Customers who have System i or System p 570-class machines with Power5+ processor can upgrade into the new Power 570, and if they so desire it, customers with last year's System i 570 or System p 570 machines based on the Power6 processor can convert them to the Power 570, thus preserving their serial numbers (important for accounting reasons) and getting them in line for future upgrades in the Power Systems product line. The move from the System i 9406-MMA Power6 box to the Power 570 can be done at no charge, apparently, but requires a rejiggering of the structure of the items in the system since software and hardware are being pulled apart with the Power Systems. The jump from the System p 570 (9117-MMA) from last year to the new 9117-MMA box, which is the Power 570, is a firmware upgrade. Moving from the prior System i 570 machines (9406-570s) to the Power 570 can be accomplished in two ways--upgrading to the 9406-MMA and then doing the rejiggering to get to the Power 570, or a straight upgrade to the Power 570. The System p 570 (9117-570s) can be accomplished in the same manner, with a two-step upgrade or straight to the Power 570. By allowing the two-step upgrade, IBM is allowing the channel to get rid of whatever inventory they have and also giving customers a chance to move from earlier OS/400 and AIX releases to i5/OS V5R4 or AIX 5.3 and then on to i 6.1 or AIX 6.1. IBM has also added upgrade paths for some memory cards that were deployed on Power5+ based 570 machines; if cards can't be moved, IBM will give customers equivalent DDR2 memory capacity at no charge as part of their upgrade.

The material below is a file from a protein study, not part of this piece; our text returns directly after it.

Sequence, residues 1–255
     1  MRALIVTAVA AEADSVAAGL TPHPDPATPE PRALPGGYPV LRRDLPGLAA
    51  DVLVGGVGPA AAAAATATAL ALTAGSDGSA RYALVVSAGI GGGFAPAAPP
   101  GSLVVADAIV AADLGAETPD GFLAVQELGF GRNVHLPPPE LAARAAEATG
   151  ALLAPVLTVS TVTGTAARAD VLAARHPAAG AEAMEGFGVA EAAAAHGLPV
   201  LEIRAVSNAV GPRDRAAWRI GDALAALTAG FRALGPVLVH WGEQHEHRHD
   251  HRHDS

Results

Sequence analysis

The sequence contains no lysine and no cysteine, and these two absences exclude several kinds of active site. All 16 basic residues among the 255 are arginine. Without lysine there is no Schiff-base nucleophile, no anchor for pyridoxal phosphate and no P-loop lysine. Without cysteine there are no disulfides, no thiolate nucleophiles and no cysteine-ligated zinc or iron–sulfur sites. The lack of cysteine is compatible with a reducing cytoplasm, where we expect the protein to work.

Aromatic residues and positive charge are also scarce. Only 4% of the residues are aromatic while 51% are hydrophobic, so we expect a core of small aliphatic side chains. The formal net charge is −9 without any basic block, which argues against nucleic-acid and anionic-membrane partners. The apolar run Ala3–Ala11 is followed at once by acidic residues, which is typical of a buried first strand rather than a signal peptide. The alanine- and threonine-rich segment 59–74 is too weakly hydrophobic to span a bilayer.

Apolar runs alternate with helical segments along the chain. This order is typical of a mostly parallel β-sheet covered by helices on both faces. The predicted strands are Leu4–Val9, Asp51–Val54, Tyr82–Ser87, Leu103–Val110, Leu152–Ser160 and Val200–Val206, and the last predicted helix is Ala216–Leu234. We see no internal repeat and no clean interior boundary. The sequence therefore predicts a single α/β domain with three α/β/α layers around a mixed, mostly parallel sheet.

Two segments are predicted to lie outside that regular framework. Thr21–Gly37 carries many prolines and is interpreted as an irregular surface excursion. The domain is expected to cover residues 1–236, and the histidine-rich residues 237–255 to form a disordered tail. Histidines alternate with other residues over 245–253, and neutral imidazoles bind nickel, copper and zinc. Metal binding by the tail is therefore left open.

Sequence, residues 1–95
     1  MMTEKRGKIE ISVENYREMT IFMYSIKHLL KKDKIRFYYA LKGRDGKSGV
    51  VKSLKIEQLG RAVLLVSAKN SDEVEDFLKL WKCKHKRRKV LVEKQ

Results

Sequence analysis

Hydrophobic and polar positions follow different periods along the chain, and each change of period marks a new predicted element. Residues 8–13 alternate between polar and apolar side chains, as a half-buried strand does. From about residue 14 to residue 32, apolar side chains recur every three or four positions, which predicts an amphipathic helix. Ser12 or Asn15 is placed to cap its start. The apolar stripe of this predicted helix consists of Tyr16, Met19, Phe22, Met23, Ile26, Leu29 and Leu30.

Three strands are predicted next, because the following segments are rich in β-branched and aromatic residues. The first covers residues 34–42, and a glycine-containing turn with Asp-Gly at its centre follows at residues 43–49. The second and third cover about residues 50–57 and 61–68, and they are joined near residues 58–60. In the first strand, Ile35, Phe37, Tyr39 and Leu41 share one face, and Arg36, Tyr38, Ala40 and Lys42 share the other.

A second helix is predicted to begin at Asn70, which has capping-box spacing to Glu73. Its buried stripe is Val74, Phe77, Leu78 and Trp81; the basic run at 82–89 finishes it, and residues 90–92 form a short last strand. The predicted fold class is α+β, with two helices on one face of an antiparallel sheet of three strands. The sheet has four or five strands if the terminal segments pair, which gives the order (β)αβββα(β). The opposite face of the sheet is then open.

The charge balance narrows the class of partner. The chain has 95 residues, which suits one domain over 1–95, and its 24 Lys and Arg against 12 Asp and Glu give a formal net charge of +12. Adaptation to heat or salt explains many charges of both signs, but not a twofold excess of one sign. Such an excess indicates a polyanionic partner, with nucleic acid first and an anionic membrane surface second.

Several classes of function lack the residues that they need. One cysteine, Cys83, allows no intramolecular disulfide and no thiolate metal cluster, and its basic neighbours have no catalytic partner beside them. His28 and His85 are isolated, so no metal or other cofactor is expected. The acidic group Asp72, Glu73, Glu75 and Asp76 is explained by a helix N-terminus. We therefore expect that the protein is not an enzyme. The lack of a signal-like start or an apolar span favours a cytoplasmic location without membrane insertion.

As you remember, the 570-class machines are comprised of from one to four two-socket servers that can scale from a single chassis with one processor core activated to a four-chassis box with 16 cores activated. This has been the basic design of 570 machines since they were launched back with the Power5 processors back in 2004. The 4U form factor chasses are connected through their memory subsystems into a single system image using fiber optic cables. The Power 570 has six hot-swap 3.5-inch SAS disks, hot swap redundant power supplies, and a choice of a two-port Gigabit Virtual Ethernet, four-port Gigabit Virtual Ethernet, or two-port 10 Gigabit Virtual Ethernet networking. The machine also has four HMC ports (one per chassis). Each processor card in the Power 570 supports a dozen DDR2 memory slots. On the 3.5 GHz machine, main memory scales from 2 GB to 384 GB, but on the 4.2 GHz machine IBM is scaling memory to a maximum of 768 GB. (So be careful when you buy, since memory is as expensive as processors on modern servers.) The Power 570 supports either 20 or 48 RIO-2 I/O drawers (depending on the features you have), up to 32 I/O drawers on the 12X InfiniBand loops, and up to 110 SAS disk drawers attached to PCI disk controllers. The box supports up to 60 disk expansion drawers on i5/OS V5R4M5 and i 6.1 partitions, and up to 40 disk expansion drawers on AIX and Linux partitions.
The new, consolidated Power 570 will be available on May 6. IBM has not yet announced pricing for the hardware or software, except for some pricing on the upgrading and converting of some features. As soon as I get my hands on pricing, I will do the usual analysis.